Native Advertising: Content Marketing goes Mainstream

Just when you thought social media was going to rule the digital world, it is now clear that content is not only king – it is going mainstream with a new twist.

With more people sharing online content, and especially as more regular Joes and Janes are able to now call themselves publishers, content is now moving to center stage in new ways.

As new media challenged traditional media, banner and video ads were employed by traditional media outlets to monetize their content.

The realization has now dawned that their system is completely broken – people are not clicking on banner ads.

And why should they, you can get all of the free content you want by taking advantage of Google news. Consumers are not only ignoring banner ads, they despise their interruptive qualities.

Get ready for a new (sort of) kind of advertising that is designed to draw you in and hold your attention – it’s called native advertising.

Content Marketing vs Native Advertising

Content marketing is designed to build a relationship with your audience – by giving them valuable content that is designed especially for them. Content informs, it solves problems, and ideally also entertains whenever possible too.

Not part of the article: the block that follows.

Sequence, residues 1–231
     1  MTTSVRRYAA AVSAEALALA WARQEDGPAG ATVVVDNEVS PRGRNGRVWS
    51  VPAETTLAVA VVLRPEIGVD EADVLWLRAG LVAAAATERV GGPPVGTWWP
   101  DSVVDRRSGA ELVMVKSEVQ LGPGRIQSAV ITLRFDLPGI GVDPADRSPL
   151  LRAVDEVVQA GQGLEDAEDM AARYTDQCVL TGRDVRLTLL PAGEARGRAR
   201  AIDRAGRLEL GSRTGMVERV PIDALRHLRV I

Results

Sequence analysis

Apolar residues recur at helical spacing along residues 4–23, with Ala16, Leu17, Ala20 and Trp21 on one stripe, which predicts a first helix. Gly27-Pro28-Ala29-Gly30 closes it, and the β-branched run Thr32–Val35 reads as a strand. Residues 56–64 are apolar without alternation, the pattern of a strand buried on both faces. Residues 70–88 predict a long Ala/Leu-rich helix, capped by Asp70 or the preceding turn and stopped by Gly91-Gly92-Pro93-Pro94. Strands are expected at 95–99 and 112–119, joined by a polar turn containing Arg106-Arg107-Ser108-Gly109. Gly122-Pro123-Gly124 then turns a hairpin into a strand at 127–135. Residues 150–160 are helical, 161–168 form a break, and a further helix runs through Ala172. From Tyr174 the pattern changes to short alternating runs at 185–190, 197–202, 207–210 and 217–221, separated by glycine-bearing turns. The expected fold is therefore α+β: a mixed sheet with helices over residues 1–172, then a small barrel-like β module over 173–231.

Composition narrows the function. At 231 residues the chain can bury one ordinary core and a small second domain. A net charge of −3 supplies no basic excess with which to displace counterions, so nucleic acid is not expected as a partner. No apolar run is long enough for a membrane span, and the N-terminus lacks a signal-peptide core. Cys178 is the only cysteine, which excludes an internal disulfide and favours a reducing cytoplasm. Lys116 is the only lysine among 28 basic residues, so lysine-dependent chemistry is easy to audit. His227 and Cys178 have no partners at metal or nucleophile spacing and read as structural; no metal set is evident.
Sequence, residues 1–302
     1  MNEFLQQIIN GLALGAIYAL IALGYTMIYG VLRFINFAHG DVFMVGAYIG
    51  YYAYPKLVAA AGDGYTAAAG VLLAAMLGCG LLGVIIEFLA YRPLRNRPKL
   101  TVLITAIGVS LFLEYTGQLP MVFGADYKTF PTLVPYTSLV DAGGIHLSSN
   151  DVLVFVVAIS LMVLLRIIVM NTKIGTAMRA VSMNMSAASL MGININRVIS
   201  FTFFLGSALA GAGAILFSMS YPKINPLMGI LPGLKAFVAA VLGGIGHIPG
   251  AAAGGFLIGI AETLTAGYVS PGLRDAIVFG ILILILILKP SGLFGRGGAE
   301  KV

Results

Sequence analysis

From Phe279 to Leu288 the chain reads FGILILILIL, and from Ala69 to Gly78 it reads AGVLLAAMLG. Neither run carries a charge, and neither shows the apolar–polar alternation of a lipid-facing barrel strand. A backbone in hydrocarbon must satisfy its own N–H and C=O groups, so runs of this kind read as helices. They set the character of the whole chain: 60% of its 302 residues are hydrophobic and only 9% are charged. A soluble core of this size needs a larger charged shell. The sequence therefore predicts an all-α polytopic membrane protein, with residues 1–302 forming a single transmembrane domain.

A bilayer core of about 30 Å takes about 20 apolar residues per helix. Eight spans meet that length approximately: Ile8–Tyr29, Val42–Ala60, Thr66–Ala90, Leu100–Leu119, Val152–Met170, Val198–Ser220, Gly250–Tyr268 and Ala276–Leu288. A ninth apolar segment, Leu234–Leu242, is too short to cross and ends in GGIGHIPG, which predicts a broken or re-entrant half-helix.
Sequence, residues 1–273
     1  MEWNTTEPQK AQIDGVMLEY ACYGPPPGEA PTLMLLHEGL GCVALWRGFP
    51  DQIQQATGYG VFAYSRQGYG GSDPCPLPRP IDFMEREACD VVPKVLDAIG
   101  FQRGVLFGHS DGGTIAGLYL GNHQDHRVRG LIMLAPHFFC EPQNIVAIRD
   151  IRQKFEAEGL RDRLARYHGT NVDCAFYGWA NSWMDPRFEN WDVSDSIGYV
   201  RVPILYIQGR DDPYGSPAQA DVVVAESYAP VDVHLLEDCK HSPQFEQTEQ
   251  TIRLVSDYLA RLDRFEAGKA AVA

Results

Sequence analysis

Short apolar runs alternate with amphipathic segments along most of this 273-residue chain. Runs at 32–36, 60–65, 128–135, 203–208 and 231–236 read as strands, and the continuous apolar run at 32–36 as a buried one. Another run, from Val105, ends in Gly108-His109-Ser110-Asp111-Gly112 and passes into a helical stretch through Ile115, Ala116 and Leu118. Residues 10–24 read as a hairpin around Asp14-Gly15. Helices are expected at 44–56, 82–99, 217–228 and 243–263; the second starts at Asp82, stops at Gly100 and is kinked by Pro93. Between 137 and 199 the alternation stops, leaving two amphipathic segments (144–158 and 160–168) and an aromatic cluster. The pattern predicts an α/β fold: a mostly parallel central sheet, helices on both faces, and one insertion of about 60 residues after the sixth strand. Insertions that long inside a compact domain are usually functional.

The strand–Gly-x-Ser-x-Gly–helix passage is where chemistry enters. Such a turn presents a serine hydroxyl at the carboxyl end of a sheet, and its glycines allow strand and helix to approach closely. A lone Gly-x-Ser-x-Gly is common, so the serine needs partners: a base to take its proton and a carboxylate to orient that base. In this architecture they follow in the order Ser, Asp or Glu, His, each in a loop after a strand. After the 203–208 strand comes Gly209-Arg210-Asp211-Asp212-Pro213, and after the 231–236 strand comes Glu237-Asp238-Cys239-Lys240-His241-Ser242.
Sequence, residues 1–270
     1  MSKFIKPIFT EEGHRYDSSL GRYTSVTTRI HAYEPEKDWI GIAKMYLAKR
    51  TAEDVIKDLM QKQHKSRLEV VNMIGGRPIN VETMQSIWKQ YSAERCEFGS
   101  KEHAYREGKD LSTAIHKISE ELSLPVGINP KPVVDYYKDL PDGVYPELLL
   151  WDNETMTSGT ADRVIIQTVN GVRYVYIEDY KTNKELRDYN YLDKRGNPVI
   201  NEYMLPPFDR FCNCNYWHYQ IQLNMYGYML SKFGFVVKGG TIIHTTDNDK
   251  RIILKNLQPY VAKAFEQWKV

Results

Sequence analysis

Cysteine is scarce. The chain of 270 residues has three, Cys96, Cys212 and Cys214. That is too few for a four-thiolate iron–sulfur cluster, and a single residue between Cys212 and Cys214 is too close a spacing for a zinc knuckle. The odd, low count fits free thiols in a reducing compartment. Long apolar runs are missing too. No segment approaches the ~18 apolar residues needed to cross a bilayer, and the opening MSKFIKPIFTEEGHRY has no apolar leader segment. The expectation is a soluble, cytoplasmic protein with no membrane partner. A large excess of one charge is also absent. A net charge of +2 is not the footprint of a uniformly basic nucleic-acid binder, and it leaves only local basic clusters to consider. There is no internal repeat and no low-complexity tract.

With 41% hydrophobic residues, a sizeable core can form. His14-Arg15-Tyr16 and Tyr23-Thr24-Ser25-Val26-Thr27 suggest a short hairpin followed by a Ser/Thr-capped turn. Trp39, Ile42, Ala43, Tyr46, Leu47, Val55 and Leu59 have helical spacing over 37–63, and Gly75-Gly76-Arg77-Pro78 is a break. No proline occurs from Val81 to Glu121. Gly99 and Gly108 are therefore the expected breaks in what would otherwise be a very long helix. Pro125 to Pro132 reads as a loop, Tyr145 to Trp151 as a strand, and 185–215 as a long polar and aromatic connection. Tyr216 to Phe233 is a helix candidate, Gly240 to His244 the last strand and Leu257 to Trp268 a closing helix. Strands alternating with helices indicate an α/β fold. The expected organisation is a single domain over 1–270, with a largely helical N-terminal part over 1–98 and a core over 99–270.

Content marketing builds an audience to earn the opportunity to occasionally make offers to buy your products and services. Obviously, both the content and the offers are designed for a specific audience.

Native advertising is paid content marketing that most likely (but not always) includes a call-to-action for selling products and services. Promoted posts on Twitter are one form of native advertising – another are old-fashioned “advertorials” in newspapers and magazines (like the one in the image above).

The Truth About Native Advertising

You have already experienced native advertising. The only thing new is the name – and the fact that is sure to take marketing with content to a higher level, maybe even an art that fully uses all of the capabilities of digital media.

Native advertising in the form of long copy ads in newspapers or magazines at first glance look a lot like the regular content that the publication is known for. However, because the FTC does have oversight to protect consumers, there has to be at least a small disclaimer to indicate that the content being shared is indeed a promotional ad.

The look and feel of the content is what makes the ad native, something that is local or native to the publication, so to speak, and therefore, presumably just as readily consumed.

How This Makes for Better Online Marketing

One expectation is that disclosure and disclaimers will soon become nearly impossible to detect, as they can be disguised with images, overshadowed by well written headlines, or lead to amazing offers that people are eager to take advantage of  – think Groupon, that nothing else really matters.